Hackers just stole data on 15 million T-Mobile customers

Hackers just stole data on 15 million T-Mobile customers

If you ever applied for device financing or service from T-Mobile anytime in the last two years, your personal information might have been stolen by hackers.

T-Mobile says as many as 15 million people may have been affected by the data breach, an attack that didn’t compromise T-Mobile’s own systems but rather those of its credit partner — the data vendor and credit bureau Experian. To be clear, the hack hurts even non-subscribers to T-Mobile — credit applicants who for whatever reason ultimately went with another service.

Experian says no credit card or banking data was stolen as part of the attack, which began in September 2013 and wasn’t discovered until two years later, on Sept. 15.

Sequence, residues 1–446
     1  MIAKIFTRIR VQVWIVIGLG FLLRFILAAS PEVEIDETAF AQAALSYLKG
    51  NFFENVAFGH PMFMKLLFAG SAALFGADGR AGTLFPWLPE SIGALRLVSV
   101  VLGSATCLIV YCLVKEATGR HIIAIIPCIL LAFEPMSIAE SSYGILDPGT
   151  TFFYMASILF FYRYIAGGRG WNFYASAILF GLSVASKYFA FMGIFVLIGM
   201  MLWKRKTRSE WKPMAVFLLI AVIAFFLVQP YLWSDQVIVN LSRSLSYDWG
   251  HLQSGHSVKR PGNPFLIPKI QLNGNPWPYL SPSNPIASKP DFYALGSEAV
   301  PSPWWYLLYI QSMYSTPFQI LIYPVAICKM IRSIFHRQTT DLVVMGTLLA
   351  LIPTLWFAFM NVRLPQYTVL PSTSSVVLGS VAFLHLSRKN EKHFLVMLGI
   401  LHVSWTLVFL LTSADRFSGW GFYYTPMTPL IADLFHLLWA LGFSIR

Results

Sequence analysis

But just because your financial information may be safe doesn’t necessarily mean the rest of your personal information is secure: names, addresses, Social Security numbers, birth dates and driver’s license and passport numbers were all leaked. Some of this data was encrypted, but Experian’s encryption may have been compromised, according to T-Mobile.

T-Mobile is offering two years of free credit monitoring to those who think they may have been affected. But it’s no small irony to note that the credit monitoring service is being provided by none other than Experian itself.

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